Navy asks Boeing to continue support for GEDMS Gigabit Ethernet shipboard networking
DAHLGREN, Va., 29 March 2016. Military communications experts at the Boeing Co. will continue support for high-speed fiber-optic shipboard networking for U.S. Navy Arleigh Burke-class guided missile destroyers under terms of an $13.4 million order announced this week.
Officials of the Naval Surface Warfare Center Dahlgren Division in Dahlgren, Va., are asking the Boeing Defense, Space & Security segment in Huntington Beach, Calif., to continue support of the shipboard AN/USQ-82(V) Gigabit Ethernet Data Multiplex Systems (GEDMS) program.
The GEDMS network transfers inputs and outputs for the Burke-class destroyer's machinery control systems, damage control system, steering control system, Aegis combat system, navigation displays, and interior communications alarms and indicators.
Boeing designed the shipboard network to replace the mile of point-to-point cabling, signal converters, junction boxes, and switchboards that make up a conventional ship’s cabling, Navy officials say.
GEDMS will be installed on new Burke-class destroyers, as well as part of upgrades to back-fitted to 27 flight I/II Burke-class destroyers hull numbers 51 to 78, and to 28 flight IIA Burke-class destroyers hull numbers 79 to 107.
The GEDMS is designed to transfer data via a reliable, redundant, mission-critical network backbone aboard Navy surface warships. It is the most recent upgrade to the Navy's Data Multiplex System (DMS) networks, and offers enhanced network communication capabilities by providing an IP-based backbone that supports multimedia services such as video and data.
GEDMS increases a surface ship's capacity to support data transfer for the Burke-class destroyer's latest upgraded hull, mechanical, and electrical systems. Additional benefits include manpower reduction and increased crew safety by using video and sensors for monitoring of remote or confined spaces, Boeing officials say.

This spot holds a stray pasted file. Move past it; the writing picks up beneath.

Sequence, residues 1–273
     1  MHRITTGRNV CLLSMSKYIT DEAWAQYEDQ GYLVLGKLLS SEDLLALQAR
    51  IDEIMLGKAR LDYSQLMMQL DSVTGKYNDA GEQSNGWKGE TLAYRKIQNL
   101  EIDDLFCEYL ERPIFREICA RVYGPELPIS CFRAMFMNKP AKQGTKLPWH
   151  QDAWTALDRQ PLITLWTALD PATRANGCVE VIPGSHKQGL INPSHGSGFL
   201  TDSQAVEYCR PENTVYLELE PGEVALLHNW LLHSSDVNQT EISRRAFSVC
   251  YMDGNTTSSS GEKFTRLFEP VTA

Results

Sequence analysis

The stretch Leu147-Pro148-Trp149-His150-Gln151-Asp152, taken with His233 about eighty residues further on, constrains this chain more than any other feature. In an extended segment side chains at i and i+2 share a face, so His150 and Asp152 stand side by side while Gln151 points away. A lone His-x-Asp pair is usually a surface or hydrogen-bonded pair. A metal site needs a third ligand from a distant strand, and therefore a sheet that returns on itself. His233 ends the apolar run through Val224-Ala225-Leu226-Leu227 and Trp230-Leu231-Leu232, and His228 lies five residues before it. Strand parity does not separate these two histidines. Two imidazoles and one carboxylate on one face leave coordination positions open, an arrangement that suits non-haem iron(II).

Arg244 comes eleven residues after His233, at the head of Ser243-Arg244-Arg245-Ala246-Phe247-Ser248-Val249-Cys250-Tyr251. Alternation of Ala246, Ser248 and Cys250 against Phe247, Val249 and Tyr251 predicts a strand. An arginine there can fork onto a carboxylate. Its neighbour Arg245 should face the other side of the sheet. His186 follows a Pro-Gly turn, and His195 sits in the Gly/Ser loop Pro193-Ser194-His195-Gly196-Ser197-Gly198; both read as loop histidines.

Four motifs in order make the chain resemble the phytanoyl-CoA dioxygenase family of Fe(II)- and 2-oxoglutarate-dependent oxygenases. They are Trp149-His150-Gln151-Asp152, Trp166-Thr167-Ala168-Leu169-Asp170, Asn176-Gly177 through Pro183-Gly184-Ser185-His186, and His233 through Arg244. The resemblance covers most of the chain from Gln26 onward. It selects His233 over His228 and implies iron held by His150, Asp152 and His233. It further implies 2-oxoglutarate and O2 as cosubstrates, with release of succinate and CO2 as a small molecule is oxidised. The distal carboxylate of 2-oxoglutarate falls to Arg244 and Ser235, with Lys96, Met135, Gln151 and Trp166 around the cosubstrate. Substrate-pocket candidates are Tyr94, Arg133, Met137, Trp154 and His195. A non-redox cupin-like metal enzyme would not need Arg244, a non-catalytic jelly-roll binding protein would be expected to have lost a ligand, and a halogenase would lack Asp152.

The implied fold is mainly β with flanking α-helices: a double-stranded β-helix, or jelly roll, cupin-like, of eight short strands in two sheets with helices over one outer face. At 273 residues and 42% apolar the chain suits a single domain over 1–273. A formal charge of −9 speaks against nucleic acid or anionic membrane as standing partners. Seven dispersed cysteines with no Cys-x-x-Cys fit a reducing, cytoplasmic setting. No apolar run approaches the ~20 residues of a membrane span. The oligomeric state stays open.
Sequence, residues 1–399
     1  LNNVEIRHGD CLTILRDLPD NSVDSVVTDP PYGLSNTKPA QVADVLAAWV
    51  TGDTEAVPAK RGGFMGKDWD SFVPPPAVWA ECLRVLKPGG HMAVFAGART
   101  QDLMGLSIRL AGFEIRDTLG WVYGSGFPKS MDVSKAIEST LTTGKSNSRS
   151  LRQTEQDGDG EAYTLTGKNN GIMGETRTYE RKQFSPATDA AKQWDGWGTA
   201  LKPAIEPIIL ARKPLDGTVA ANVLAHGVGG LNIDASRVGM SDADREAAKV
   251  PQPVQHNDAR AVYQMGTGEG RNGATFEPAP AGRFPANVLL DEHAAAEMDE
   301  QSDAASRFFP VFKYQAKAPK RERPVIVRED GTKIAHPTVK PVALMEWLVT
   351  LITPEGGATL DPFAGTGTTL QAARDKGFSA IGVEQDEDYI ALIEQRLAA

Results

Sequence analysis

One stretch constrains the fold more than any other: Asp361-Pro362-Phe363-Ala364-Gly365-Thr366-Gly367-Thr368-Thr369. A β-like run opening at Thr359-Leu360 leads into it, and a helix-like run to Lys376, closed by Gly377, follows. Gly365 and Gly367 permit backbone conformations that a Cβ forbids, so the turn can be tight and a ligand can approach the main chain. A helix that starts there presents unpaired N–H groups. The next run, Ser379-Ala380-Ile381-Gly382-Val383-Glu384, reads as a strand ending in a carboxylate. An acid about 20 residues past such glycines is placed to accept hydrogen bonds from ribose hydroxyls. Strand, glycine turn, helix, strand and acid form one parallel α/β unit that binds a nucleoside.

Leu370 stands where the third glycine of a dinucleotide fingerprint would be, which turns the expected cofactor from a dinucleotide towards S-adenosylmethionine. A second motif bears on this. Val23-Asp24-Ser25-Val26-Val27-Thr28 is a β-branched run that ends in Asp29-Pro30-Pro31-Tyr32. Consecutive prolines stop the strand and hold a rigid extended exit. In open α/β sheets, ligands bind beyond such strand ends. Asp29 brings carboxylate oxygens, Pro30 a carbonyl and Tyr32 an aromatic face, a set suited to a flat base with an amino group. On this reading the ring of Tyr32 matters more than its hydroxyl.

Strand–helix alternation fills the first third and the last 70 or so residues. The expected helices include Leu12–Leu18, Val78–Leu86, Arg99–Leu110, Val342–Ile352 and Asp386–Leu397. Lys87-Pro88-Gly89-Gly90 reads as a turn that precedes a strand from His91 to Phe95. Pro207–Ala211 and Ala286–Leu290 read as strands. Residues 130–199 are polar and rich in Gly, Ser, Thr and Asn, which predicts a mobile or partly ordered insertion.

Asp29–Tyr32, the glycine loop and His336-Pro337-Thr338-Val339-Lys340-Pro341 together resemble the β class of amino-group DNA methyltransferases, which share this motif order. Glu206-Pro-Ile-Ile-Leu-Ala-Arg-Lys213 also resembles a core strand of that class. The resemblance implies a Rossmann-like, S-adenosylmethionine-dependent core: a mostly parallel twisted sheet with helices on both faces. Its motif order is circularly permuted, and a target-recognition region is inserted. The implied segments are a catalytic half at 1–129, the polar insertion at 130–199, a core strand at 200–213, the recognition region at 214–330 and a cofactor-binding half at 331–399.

In September 1989, Boeing delivered the first DMS system to the Navy for installation aboard the USS Arleigh Burke, the namesake for the DDG 51 class destroyer. As the DDG new ship construction continued, the DMS was upgraded to a Fiber Optic Data Multiplex System (FODMS) to support evolving needs.
In August 2010, the Navy replaced the copper-based DMS systems installed on the Arleigh Burke and the USS John Paul Jones (DDG 53) with the high-performance fiber-optic GEDMS, the latest variant in the DMS family of networks.
The manufacturer of the GEDMS fiber-optic shipboard network is Argon ST, a wholly owned subsidiary of Boeing. Boeing acquired Argon ST in 2010 as part of the company's strategy to expand its capabilities to address the C4ISR, cyber security, and intelligence applications. Argon ST is a division of Boeing Network & Space Systems, a business of the Boeing Defense, Space & Security operating unit.
This contract modification, announced on 22 March, combines purchases for the Navy, as well as for and the governments of Australia, Korea, and Japan. Boeing will do the work in Huntington Beach, Calif; Arlington, Va; Bath, Maine; Pascagoula, Miss.; Washington, D.C.; Richardson, Texas; and Fairfax, Va., and should be finished by March 2017.
For more information contact For more information contact Boeing Defense, Space & Security online at www.boeing.com/company/about-bds, Argon ST at www.argonst.com, or the Naval Surface Warfare Center Dahlgren Division at www.navsea.navy.mil/Home/WarfareCenters/NSWCDahlgren.